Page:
MEGA PROJECT: An engineer uses a computer to manipulate oil extraction equipment at the Huizhou offshore oil and gas field complex in the South China Sea, which is operated by CACT Operators Group, comprising CNOOC, Eni and Chevron and has eight platforms (LIU DAWEI)
Project management certification is a relatively new trend in China, but already professional training courses on the discipline are expanding rapidly across the country.
Craig Killough, Vice President of Project Management Institute (JIANG XIAOYING)
Since 1999 when the State Administration of Foreign Experts Affairs (SAFEA) and Project Management Institute (PMI) from the United States introduced project management professional certification in China, over 90,000 Chinese have taken the courses and about 53,000 of them have successfully obtained certification as of August 2011, according to Craig Killough, Vice President of PMI at the Second PMI Congress held in Beijing from September 16-17.
Currently, the number of Chinese project management professional credential holders is second only to the United States, accounting for nearly 10 percent of total holders worldwide. The number of Chinese certificate holders will grow at around 20-30 percent annually, said Bai Jixun, General Director of the Training Center of SAFEA at the congress.
The last decade has seen an explosion in project management in China as the economy continues to boom. An estimated 700,000 project management professionals are going to be needed across China every year for the foreseeable future, said Bob Chen, Manager Director of PMI China.
The demand mainly comes from four sources: multinational companies' operations in China, Chinese companies' overseas businesses, state-owned enterprises and the Chinese Government, which aims to transform the country from being manufacturing-oriented to service-oriented, said Chen.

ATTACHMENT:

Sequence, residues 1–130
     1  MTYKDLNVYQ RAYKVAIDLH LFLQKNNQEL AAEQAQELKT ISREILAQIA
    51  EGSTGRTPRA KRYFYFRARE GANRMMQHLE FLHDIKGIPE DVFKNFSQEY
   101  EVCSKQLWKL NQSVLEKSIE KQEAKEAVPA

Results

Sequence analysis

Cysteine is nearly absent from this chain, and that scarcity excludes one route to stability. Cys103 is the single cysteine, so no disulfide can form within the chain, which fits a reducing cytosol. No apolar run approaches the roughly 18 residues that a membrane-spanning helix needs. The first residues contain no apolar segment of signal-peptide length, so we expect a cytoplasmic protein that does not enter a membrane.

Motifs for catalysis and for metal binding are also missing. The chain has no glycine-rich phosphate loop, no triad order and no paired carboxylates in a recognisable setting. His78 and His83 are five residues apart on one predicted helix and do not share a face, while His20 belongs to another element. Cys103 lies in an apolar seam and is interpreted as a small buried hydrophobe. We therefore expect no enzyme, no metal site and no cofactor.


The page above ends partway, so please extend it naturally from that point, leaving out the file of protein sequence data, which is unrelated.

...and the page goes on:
"Considering the fact that the Chinese economy is becoming the fastest growing one in the world and represents a large number of people, the development of project management in China will be beyond comprehension," said Killough.
Project management is the discipline of planning, organizing, securing and managing resources to achieve specific goals. It is different from usual business management, which comprises repetitively permanent or semi-permanent functional activities that produce products or services. Therefore, project management usually requires the development of distinct technical skills and management strategies.
Since its early introduction, professional and senior management realized the advantages and benefits of project management to help them minimize project delays, reduce project costs, improve product and service quality, and utilize their technical resources.
According to Beth Partleton, Chair of the PMI Board of Directors, 41 percent of those organizations with a project management office will bring a project in on time and under budget, 67 percent will meet project goals or intent, and another 67 percent of organizations with these offices saw an increase in projects meeting goals.
Before the mid-1980s, there was virtually no project management in China, said Bai. The boom for project management in China came about after large construction projects kicked off following the reform and opening-up policy implemented in 1978.
Official data showed that in the first decade of this century, China spent more than 30 trillion yuan ($4.7 trillion) on infrastructure construction projects—projects that were completed successfully because of project management, said Bai.
For Bai, project management developed rapidly thanks to China's transition from a planned economy to a market economy.
"Under the planned economy, most companies and enterprises were not independent market entities and were not responsible for making profit. But a market economy requires every enterprise to make profit and be responsible for their own business operations. Otherwise, they could not survive," said Bai.